formerfed took the words out of my mouth. Unlike a purchase order, a task or delivery order under a Federal Supply Schedule is not an offer by the Government that the contractor can decline.

I honestly don't know the legal effect of a FSS contractor's response to an agency's task or delivery order solicitation. What happens if a FSS contractor responds with a price that is less than the schedule price, then changes his/her mind? We know that they are contractually bound by the schedule price, but are they bound by the price with which they responded to the task or delivery order solicitation? If the answer is yes, then I would say that the response was an offer. If not, then it was a quote.

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Carl,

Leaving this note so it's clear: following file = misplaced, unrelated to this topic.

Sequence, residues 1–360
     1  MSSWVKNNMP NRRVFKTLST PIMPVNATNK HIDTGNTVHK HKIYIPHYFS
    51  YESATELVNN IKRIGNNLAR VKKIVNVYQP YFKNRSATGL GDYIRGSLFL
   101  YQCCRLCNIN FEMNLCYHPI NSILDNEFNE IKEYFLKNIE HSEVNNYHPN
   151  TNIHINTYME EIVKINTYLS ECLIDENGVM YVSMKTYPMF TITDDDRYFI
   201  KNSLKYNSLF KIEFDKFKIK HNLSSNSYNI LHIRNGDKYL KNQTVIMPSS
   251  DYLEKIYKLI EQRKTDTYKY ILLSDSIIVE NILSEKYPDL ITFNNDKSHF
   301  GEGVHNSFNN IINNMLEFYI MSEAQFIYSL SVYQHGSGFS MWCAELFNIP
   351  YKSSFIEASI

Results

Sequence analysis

formerfed took the words out of my mouth. Unlike a purchase order, a task or delivery order under a Federal Supply Schedule is not an offer by the Government that the contractor can decline.

I honestly don't know the legal effect of a FSS contractor's response to an agency's task or delivery order solicitation. What happens if a FSS contractor responds with a price that is less than the schedule price, then changes his/her mind? We know that they are contractually bound by the schedule price, but are they bound by the price with which they responded to the task or delivery order solicitation? If the answer is yes, then I would say that the response was an offer. If not, then it was a quote.

I have always wondered the same thing.

Another related question. Does a schedule holder that does not sell any fixed price services or supplies ever have to accept an order? See 8.405-2. For services not listed at a fixed price in the schedule holder's contract, ordering activities must provide an RFQ, with eval criteria, get 'responses' and evaluate per the criteria. So it seems that any schedule holder could effectively refuse an order by quoting an unreasonable price.